“I believe it’s important to declare the city of Detroit in financial emergency,” Snyder announced at a midday press conference on Friday, in front of the banner, “Detroit Can’t Wait.” The EM will assume the suspended powers of the mayor and city council, and will take unilateral control of municipal finances, union contracts, pension systems, and more.
The consolidation of power will likely lead to cuts and asset sales that the mayor and city council had sought to avoid, which could include the privatization of most of the city’s water supply or the sale of Belle Isle Park. The EM also has the power to declare the city bankrupt, though that option seems unlikely.
The process has racial and political overtones. Detroit is over 80 percent black and its city government is controlled by Democrats; the Michigan statehouse is largely white and firmly in Republican control. If an EM is appointed in nearby Inkster (pop. 25,000, currently under a “consent agreement” with the state), as Chris Savage has pointed out, more than half of Michigan’s 1.4 million African Americans will be governed by unelected officials.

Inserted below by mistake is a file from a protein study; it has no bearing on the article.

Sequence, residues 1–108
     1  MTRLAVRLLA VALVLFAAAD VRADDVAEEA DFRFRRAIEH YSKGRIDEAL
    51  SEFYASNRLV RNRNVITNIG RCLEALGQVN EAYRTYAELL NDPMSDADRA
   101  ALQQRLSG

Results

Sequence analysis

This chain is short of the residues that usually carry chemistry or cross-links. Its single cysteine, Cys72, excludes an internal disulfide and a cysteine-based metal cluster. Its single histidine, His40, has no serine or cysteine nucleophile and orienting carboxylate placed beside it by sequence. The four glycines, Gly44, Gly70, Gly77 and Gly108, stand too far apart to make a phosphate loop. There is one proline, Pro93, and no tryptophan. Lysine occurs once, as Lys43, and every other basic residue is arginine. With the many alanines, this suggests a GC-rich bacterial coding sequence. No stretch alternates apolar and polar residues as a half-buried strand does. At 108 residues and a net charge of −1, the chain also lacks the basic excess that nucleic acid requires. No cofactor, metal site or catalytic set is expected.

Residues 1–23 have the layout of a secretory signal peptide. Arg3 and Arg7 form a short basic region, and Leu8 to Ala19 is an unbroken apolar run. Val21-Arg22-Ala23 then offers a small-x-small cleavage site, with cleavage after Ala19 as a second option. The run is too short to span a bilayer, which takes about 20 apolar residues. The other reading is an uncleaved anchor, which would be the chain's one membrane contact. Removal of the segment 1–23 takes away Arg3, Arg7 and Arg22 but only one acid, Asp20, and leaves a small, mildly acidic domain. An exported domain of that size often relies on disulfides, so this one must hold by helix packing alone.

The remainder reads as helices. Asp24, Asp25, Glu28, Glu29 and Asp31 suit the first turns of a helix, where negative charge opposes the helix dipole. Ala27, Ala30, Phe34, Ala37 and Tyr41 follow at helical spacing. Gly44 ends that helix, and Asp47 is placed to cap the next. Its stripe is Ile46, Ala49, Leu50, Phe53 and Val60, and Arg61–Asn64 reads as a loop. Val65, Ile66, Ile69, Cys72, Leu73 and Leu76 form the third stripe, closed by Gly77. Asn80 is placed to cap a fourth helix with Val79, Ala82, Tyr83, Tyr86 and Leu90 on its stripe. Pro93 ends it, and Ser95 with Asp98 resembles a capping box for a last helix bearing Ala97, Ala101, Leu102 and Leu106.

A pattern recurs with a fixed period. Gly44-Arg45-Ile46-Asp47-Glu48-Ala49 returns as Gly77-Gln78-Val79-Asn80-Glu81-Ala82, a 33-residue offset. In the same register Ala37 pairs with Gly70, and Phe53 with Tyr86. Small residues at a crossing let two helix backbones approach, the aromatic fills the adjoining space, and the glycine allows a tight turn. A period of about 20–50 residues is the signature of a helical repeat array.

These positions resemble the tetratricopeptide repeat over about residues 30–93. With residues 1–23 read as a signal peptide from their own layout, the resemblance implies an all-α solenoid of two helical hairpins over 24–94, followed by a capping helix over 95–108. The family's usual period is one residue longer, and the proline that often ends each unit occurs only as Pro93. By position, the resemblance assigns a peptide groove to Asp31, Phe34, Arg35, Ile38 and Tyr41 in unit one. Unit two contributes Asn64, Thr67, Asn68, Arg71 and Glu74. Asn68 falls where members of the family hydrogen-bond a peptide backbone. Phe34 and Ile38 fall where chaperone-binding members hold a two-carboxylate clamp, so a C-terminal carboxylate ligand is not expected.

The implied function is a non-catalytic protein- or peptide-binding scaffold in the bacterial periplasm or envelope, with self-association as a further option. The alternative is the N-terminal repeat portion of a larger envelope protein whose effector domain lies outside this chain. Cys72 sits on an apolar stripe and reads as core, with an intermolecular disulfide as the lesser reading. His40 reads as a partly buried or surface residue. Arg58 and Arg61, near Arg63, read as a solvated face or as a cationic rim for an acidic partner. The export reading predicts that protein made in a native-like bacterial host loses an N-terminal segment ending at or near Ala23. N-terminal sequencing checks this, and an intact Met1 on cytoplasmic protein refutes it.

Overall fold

Snyder’s decision follows last week’s devastating report from a state review team that Detroit is unable to address its long-term financial problems. The Motor City, the investigation found, has $14.9 billion in long-term debt and pension obligations, and its general fund has not shown a surplus since 2004. The review team unanimously recommended state intervention…
Five other cities in Michigan are also under state control. Detroit will be the largest city in the country to lose the ability to govern itself.
It will be interesting to see what goals the emergency manager has. To fix the budget and turn a surplus? To contract the city to a viable size? To try to attract growth? To stem the population loss? To privatize unprofitable utilities? Related to the goals, I’m also curious to know how the state will determine whether the emergency manager is “successful.” What happens if the emergency manager doesn’t work out?
In the long run, the ability to self-govern seems to be a bedrock principle in American life. I wonder how much Governor Snyder really wants to do this versus feeling like it has to be done to turn Detroit around. The political fall-out from such a move may not be pretty and states don’t want to be in long-term positions like these.